Advice on buying your first rifle (or upgrading your gun)
PUBLISHED: 10:56 16 January 2019
Buying your first serious rifle needs good advice, as the editor witnesses
I guess it’s fair to assume that you like shooting airguns because you’re reading the UK’s number one magazine online right now. It’s also possible that you’re considering upgrading your rifle. I’ve spoken to many people who bought an inexpensive break-barrel springer and fell in love with the sport, but soon began to wonder what all those more expensive rifles could do for their shooting. Sure, they look great, and for some people that’s reason enough to buy them, but the wise shooter chooses a rifle to suit their needs. One of the best things you can do when thinking of changing is to visit a high-quality gun shop because not only will they have a good selection of serious guns to handle, but they’ll also offer great advice to enable you to choose the best rifle for your needs.
John had been shooting for only a few months when he asked me about upgrading, so I directed him to Tackle Up, a shop not too far from his home, and one I’d heard lots of good things about. They were primarily a fishing shop, but the airgun side of their business is growing rapidly and becoming a huge part of their income. Their in-house expert is Mick, a man with a long and proud military service who loves his airguns, which is clear as soon as you hear him speak.
Springer v PCP
After the usual niceties and hellos, he quickly began to ask John about the type of shooting he likes now and perhaps more importantly, the kind of shooting he hopes to get into. Unsurprisingly, John is a back garden plinker, as most of us were once upon a time, and has accounted for a few troublesome rats in a friend’s chicken feeders, but he was beginning to feel a little dissatisfied with the simple springer he’d bought to start his shooting career.
Quite naturally, the conversation moved towards the springer versus pre-charged pneumatic (PCP) debate and I had to keep my counsel because I didn’t want my influence to alter the balance of the discussion. I was much interested to hear Mick let John work through his own thinking to arrive at what was best for him. This is when great gun shop staff are a real treasure, and a huge asset to the industry. My personal bias could have spoilt the whole experience.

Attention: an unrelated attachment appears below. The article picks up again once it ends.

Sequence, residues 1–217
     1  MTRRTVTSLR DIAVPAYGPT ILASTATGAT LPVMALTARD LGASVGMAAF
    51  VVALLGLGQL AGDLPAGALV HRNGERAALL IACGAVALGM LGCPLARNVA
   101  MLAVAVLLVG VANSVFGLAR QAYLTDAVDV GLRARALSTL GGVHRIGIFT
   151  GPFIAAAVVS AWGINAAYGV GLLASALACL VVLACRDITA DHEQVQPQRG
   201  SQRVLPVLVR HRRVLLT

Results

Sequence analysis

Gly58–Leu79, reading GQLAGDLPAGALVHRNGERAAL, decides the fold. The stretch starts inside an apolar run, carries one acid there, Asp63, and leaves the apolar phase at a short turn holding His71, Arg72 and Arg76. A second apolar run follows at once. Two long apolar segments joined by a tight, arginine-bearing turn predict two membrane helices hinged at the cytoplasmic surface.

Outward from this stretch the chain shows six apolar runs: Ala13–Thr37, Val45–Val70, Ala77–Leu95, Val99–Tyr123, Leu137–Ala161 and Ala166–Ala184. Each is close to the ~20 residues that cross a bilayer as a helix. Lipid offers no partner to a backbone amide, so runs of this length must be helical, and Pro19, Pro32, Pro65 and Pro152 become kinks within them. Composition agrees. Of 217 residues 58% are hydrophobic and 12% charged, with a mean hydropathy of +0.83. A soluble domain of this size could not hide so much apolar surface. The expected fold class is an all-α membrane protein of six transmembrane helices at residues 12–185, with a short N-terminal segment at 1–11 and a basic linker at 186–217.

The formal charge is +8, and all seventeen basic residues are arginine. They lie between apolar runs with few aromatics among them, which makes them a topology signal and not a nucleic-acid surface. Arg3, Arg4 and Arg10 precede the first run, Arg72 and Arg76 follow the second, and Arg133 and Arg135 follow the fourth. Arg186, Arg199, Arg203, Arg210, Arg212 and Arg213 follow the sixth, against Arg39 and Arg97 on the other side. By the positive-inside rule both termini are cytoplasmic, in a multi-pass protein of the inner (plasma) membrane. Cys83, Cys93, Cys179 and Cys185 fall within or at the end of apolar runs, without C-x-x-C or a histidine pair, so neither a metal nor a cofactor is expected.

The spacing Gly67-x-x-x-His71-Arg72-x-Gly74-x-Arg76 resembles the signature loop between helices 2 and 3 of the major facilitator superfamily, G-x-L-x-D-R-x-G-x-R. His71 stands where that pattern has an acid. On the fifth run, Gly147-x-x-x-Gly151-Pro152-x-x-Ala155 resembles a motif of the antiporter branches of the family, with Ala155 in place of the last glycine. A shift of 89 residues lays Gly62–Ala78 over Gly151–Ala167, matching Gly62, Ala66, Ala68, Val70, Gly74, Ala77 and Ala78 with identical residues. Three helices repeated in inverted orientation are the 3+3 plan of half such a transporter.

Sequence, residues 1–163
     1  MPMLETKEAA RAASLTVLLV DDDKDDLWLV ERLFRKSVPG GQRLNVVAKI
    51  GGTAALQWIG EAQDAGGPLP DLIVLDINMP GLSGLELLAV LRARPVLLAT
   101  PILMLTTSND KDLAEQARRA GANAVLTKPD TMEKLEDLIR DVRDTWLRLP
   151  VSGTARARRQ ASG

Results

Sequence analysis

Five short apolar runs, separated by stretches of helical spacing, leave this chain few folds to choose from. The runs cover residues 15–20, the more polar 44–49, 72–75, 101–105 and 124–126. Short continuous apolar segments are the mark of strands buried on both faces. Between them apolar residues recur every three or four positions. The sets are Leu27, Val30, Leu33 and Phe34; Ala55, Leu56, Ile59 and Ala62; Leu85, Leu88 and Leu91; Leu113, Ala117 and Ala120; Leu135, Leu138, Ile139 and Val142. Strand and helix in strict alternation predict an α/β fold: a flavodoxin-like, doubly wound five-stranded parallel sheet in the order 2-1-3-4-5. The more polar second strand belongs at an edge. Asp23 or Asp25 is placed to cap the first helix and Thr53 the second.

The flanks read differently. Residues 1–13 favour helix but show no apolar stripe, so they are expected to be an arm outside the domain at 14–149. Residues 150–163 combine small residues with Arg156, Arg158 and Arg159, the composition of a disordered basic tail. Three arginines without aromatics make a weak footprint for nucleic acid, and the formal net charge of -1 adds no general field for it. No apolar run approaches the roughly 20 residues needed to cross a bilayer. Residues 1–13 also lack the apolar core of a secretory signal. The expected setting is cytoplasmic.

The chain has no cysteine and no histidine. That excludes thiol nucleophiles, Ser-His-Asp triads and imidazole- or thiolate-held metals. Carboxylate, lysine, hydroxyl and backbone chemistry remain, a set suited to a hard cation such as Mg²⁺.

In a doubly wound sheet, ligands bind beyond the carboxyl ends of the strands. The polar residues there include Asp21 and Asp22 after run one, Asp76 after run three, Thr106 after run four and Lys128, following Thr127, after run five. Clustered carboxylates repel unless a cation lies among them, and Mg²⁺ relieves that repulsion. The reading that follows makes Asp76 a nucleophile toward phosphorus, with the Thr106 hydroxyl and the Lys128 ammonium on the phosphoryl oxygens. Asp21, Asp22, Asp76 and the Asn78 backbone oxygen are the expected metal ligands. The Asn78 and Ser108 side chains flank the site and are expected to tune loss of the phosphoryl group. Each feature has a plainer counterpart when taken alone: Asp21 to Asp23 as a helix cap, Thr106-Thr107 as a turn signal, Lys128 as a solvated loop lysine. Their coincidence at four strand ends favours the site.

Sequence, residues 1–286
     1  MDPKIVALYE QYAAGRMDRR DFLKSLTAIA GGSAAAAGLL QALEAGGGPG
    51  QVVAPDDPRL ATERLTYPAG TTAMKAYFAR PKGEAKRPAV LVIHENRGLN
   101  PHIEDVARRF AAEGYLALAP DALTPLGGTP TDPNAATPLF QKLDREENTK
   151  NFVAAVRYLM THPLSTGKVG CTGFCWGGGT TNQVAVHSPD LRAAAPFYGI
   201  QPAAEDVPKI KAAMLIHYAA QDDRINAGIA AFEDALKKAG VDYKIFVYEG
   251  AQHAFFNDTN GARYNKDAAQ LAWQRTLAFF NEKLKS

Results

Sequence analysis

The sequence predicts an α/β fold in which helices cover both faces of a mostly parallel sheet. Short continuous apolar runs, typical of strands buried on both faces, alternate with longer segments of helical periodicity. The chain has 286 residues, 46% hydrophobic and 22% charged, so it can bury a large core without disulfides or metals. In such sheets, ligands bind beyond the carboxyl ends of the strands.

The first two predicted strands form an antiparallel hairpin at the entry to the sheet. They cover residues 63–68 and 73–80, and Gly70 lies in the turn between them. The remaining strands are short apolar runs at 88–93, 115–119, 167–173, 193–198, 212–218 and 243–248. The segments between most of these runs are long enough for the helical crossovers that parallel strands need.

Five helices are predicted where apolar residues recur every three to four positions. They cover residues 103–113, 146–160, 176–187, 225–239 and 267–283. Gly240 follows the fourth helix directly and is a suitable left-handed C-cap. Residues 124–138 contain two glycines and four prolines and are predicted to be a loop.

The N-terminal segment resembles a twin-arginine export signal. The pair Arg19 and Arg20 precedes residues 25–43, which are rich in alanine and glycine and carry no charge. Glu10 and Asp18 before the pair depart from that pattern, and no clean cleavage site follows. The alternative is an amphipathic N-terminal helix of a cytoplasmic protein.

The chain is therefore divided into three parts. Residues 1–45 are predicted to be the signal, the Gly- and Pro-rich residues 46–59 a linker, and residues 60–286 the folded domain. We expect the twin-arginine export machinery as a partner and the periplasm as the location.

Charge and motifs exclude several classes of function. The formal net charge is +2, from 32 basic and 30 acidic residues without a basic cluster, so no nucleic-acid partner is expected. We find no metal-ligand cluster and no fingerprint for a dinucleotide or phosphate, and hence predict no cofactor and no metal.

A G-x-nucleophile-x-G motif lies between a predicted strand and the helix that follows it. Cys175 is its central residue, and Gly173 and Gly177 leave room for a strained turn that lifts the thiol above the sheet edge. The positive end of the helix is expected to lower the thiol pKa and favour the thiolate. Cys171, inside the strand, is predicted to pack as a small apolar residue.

It soon became clear that John had a growing interest in hunter field target (HFT) competition and that a club near to his home could accommodate him. Again, I had to bite my tongue because I could see competition PCP models from BSA and Air Arms on the wall to his left, that I was sure would be ideal for his needs – he still hadn’t decided between a PCP and a springer. To help John decide, I asked Mick if he could cover the procedures and costs associated with feeding a PCP, so Mick took a pump and a diver’s bottle out and walked John through the process. Filling systems add a good chunk of extra cost to the PCP experience, so that must be taken into account before any decision can be made.
While he was digesting that information, we had a little discussion about calibres and the relative merits of .177 and .22. Mick said that he’d just had a customer asking for a Daystate Huntsman Regal in .20, a calibre that I thought had shuffled off this mortal coil. It’s a funny old game! Anyway, back to reality. I finally succumbed to the urge to offer my two penn’orth and made the case for .177 and, of course, any high-quality rifle would be available in that calibre.
Mick had a sense that John was struggling to take in all the information and offered us a cup of tea as an opportunity for John to have a break and gather his thoughts. I think that was a quite brilliant thing to do and a sign of Mick’s understanding of his customer’s needs. At no time did I hear any pressure to buy, just a gentle delivery of useful and relevant information so that John could make up his mind.
Once Mick was in the kitchen, I asked John what he was thinking and I was delighted and relieved to hear that he was 99% confident that a PCP was what he needed. We ran though the merits of a standard, multi-shot, hunting model versus a single-shot, pure competition gun and again, models from Air Arms and BSA headed the top choices. Both companies offer guns that bridge the gap between hunting and competition in the form of the Gold Star and the Ultimate Sporter. The question was, which would fit him best, feel best in his hands and finally, have that sex appeal that makes you part with your money?
On top of this, literally, was the question of which scope to choose – another in-depth discussion, followed up by the choice of mounts and a silencer. Perhaps the best part of the whole day for me was when Mick said, “Have you made a decision?” and John replied, “Not yet”. Mick smiled and said, “Go away and think it through and we’ll see you soon.” I sensed no frustration at all. I think he wanted John to make the right decision, whether it was that day, the day after, or a week later. If I ever learned anything from my time working in a gun shop it was that a happy customer always comes back, and in my view, that’s why Tackle Up’s business if going from strength to strength.